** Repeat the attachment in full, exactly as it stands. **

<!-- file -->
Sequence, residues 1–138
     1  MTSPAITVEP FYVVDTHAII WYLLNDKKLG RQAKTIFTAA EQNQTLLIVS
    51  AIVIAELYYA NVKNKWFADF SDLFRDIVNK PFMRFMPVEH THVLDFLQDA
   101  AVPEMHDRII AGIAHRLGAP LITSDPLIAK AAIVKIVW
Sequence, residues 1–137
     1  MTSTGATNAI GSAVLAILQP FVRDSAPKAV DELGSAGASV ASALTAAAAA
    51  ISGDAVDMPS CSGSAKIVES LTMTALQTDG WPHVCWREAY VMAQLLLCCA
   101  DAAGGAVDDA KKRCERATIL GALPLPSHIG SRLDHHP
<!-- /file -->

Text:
Sequence, residues 1–138
     1  MTSPAITVEP FYVVDTHAII WYLLNDKKLG RQAKTIFTAA EQNQTLLIVS
    51  AIVIAELYYA NVKNKWFADF SDLFRDIVNK PFMRFMPVEH THVLDFLQDA
   101  AVPEMHDRII AGIAHRLGAP LITSDPLIAK AAIVKIVW
Sequence, residues 1–137
     1  MTSTGATNAI GSAVLAILQP FVRDSAPKAV DELGSAGASV ASALTAAAAA
    51  ISGDAVDMPS CSGSAKIVES LTMTALQTDG WPHVCWREAY VMAQLLLCCA
   101  DAAGGAVDDA KKRCERATIL GALPLPSHIG SRLDHHP